It has been a crazy week at the office. I’ve been struggling to wake up on time or a bit earlier than usual, and working straight through until well after going-home-time in order to get some projects off my plate this week. Which is no different from many other weeks of the year for a vast number of people… but it means that writing falls a bit to the wayside. I need to come up with a way to keep my journal-writing habits healthy even when I get busy; I tend to become grumpy when I don’t set aside time to mess around with what’s in my head.
Asides about work aside, I haven’t written much about our “new jobs” other than to reference the stress and busy-ness that’s gone into getting used to them – and it’s time to spill the details before Emily and Nicole die of curiosity. Neither of the jobs are really “new” to us at this point, but I suppose that’s neither here nor there; the novelty is in the hearing of a story, as well as when the events that inspire it first happen.
Corrin was appointed to an Instructorship for the summer, designing a course for those students ambitious enough to learn during the summer. She had an assistant who graded the weekly assignments, but wrote up solutions and other study aids herself — along with the lecture prep, assignments themselves, and exam writing. She is quite proud of her students for their success with difficult material, and pleased with some new tools she created to gauge their engagement and response, as well. She’s teaching again for the Fall semester, so the next 10 days will be filled with research and reading for her own studies before she immerses herself in the classroom again after Labor Day. Being a teacher, she won’t allow me to write any more about her work in a public forum – so take it as given that I’m extremely proud of her, and am looking forward to a time when she might be given daytime classes to teach rather than evening ones.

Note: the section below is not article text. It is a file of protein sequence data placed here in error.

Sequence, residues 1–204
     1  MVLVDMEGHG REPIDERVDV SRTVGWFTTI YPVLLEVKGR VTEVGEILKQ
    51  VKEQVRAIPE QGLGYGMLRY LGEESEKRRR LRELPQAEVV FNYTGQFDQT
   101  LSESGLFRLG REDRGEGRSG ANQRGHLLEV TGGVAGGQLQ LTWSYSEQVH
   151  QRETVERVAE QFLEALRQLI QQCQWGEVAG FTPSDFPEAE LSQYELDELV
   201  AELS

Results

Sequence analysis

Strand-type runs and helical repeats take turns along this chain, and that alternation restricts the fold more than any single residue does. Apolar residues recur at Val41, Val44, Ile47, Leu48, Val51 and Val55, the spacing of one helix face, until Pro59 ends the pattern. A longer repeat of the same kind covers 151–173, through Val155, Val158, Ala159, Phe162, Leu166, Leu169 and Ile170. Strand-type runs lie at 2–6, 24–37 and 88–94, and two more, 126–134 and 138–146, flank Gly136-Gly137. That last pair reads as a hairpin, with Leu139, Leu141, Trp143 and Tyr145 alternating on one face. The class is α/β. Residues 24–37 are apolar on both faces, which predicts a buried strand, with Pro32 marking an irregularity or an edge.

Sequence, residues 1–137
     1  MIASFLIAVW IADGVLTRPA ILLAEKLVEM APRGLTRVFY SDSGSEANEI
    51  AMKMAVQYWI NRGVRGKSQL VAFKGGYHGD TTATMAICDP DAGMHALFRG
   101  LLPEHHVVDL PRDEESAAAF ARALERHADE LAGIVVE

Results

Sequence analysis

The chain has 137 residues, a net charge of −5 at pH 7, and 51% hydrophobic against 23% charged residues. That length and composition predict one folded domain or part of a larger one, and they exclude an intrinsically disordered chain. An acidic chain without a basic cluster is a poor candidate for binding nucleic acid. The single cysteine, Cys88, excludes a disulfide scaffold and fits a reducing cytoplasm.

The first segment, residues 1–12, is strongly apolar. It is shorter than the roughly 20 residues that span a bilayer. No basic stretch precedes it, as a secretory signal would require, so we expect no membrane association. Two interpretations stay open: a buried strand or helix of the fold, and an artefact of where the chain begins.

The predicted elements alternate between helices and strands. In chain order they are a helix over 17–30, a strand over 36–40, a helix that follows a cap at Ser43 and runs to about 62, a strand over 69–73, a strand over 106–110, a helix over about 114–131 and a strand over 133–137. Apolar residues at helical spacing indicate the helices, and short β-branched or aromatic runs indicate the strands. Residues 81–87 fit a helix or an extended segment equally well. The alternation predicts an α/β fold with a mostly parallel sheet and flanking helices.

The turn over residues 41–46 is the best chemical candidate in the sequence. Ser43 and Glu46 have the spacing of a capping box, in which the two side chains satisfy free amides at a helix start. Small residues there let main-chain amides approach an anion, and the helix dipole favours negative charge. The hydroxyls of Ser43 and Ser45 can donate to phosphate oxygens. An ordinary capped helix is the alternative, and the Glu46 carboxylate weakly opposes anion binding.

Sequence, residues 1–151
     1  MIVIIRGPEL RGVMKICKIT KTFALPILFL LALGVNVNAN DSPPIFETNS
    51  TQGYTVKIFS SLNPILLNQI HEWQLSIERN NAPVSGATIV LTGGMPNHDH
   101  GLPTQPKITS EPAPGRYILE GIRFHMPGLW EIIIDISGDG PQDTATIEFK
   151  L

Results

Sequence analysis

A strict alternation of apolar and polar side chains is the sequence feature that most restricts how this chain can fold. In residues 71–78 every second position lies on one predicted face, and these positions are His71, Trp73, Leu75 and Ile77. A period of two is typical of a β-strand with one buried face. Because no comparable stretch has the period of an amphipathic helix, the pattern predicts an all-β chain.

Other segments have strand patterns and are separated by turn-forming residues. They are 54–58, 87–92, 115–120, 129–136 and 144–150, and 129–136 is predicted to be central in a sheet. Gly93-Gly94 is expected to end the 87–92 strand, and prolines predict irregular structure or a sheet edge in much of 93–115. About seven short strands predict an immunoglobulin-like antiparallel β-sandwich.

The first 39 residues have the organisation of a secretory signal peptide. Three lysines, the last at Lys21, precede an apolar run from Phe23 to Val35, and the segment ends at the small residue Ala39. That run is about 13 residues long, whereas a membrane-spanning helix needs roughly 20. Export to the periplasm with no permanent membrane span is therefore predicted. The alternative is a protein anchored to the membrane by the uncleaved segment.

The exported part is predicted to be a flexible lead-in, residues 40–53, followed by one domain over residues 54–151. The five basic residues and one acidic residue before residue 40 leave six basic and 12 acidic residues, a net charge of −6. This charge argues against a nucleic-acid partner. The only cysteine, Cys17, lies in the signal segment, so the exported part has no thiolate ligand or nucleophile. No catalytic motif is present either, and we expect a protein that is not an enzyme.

I found the shift to my new job a bit more dramatic, but that’s because I lived it (whereas I observed her). I’m in a very different environment today from where I was three months ago, when I left the American Cancer Society on the last day of Spring to start a new career with a marketing agency on the first day of Summer. My new firm, SankyNet, is very much a boutique shop; we work exclusively for nonprofit organizations, developing marketing campaigns that are designed to drive and maximize fundraising. Unlike your typical retail outlet, nonprofit agencies have very small ad budgets (surprise, surprise). Every dollar has to provide a return, so there is very little margin for error — which should be incredibly stressful, but isn’t.